collected money on the faith of that representation. Earlier on the same
day he got ten thousand rupees, and on the spot a large sum is said to
have been collected. On the same date in addressing the students he
said: "If the response continues as it has begun there is no doubt of
Swaraj coming within the time prescribed". On the 23rd February 1921 he
again said: "Last five months experience has confirmed me in the
opinion. I am convinced that the country has never been so ready for
establishing Swaraj as now." To me only one conclusion is possible that
he was collecting the money from the people who understood him to say
that Swaraj will be attained within the period mentioned by him. In
March he said:--

 "The last Congress has given a constitution whose working in itself
 calculated to lead to Swaraj. It is intended to secure in every part of
 India representative committees working in conjunction with, and under
 willing and voluntary submission to a central organisation--The all
 India Congress Committee. It establishes an adult suffrage open to men
 and women subject only to two qualifications signing of the creed and a
 nominal payment of four annas. It is intended to secure due
 representation of the parties and communities, if then, it is honestly
 worked, and commands confidence and respect, it can oust the present
 Government without the slightest difficulty. For, the latter has no
 power except through the co-operation willing or forced, of the people.
 The force it exercises is almost through our own people. One lac of
 Europeans, without our help, can only hold less than one seventh of our
 villages each and it would be difficult for a man even when physically
 present, to impose his will on, say four hundred men and women--the
 average population of Indian village."

He said that we have therefore to concentrate our attention up to the
30th of June on getting:--

(1) One crore of rupees for Tilak Swaraj Fund.

(2) One crore members on the Congress register.

(3) The spinning wheel introduced in twenty lacs of homes.

He added, however:--

 "This programme does not mean cessation of the other activities of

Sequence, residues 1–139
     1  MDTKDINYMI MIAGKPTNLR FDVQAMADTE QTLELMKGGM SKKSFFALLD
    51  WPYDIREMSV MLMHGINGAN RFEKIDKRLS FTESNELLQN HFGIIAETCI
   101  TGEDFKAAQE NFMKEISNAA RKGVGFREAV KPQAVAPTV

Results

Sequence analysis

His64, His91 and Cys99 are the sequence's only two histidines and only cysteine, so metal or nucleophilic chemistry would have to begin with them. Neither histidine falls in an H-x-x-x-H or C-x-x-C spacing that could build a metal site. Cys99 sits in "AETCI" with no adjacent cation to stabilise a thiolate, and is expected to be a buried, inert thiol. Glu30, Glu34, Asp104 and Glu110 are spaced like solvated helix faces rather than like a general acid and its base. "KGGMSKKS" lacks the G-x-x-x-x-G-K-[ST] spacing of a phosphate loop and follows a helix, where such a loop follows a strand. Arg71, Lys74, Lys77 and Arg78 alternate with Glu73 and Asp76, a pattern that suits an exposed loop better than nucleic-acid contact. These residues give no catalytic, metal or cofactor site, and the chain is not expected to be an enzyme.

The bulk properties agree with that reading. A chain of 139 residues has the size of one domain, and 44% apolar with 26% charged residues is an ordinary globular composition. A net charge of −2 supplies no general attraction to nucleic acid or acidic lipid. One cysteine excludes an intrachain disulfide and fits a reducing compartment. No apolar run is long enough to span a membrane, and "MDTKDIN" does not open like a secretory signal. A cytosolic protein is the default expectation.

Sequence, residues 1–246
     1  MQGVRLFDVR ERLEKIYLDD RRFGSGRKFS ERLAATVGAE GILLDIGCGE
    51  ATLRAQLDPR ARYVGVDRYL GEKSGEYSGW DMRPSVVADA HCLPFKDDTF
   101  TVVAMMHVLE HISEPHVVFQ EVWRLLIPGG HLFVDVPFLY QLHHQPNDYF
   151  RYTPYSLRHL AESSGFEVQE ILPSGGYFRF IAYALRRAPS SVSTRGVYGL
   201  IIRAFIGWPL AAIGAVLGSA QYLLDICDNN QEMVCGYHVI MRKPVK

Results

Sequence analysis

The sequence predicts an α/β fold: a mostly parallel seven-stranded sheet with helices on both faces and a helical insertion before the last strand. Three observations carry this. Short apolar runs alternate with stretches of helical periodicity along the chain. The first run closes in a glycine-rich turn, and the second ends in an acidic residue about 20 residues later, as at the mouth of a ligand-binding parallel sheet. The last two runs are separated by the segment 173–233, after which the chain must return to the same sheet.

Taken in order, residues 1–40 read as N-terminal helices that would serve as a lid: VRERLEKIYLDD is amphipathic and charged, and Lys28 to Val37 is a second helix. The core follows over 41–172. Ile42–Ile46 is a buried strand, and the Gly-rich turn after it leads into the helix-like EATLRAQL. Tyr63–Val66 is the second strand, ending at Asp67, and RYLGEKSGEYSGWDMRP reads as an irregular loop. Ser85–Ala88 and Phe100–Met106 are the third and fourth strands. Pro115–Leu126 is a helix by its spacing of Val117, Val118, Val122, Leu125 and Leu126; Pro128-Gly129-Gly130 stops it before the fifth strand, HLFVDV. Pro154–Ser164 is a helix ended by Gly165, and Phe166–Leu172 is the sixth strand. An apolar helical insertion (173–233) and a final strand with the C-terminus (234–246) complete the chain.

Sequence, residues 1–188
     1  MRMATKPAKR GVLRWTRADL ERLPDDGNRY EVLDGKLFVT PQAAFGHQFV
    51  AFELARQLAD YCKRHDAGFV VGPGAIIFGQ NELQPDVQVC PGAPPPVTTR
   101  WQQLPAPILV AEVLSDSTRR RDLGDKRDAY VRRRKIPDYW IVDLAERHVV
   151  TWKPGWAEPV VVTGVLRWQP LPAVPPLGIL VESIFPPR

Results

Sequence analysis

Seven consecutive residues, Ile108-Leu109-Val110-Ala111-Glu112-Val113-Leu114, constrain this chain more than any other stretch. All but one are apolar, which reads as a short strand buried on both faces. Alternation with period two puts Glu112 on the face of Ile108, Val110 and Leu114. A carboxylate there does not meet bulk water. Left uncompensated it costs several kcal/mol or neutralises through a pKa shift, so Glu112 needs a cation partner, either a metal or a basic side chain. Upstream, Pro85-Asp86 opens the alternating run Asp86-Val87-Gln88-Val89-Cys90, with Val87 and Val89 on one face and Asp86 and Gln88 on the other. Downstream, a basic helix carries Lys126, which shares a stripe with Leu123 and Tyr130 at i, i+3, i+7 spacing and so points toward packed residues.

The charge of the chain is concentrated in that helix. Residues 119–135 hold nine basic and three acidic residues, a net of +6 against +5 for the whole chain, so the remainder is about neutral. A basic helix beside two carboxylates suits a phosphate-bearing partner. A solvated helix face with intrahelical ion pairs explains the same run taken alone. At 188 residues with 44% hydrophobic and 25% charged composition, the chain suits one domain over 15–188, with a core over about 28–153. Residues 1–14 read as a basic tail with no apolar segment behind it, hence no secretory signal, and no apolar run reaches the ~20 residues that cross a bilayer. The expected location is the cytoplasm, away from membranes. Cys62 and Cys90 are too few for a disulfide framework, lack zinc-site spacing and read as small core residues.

Non-co-operation. They go on. Drink and untouchability must vanish. The
 education movement is steadily going forward. The National institutions
 that have sprung up will, if they are efficiently managed make headway
 and attract students who are still hesitating. The pleaders, always a
 cautious and calculating class by training, will, as they see the
 movement progressing more and more, fall in line with the rest of the
 country. Boycott of law courts by the public is making fair progress.
 These things do not now require concentration of universal effort. They
 apply to special classes. But the three things mentioned by me are the
 most essential: they must be done now and without them the movement, as
 a mass movement must be pronounced a failure." _"Young India" 30th
 March._

After this it is impossible to rely upon boycott of schools &c. as
conditions for Swaraj within a year. It is now admitted and the
Secretaries report that the money demanded has been collected. Such
money was paid on the fraudulent representation of Swaraj within the
year. Judged by ordinary standards Mr. Gandhi's whole procedure with the
promises, the persuasions, the evasions, the subterfuges and all the
other manoeuvres, would be characterised by men of the world and of sane
judgment in language, I hesitate to reproduce, for the simple reason
that I believe that Mr. Gandhi is honest in his self hypnotisation. I
believe he does not really know what he is doing. At least this is the
only possible charitable assumption when we watch his feats of political
acrobatics which have the power of deluding such vast numbers of people
making them passionately intolerant, violently intolerant often, of the
slightest criticism of their hero.

When the Congress was asked in September to change its policy, Mr.
Gandhi's idea to start an organisation to supercede the existing
Government was not brought before them. It is the first direct step in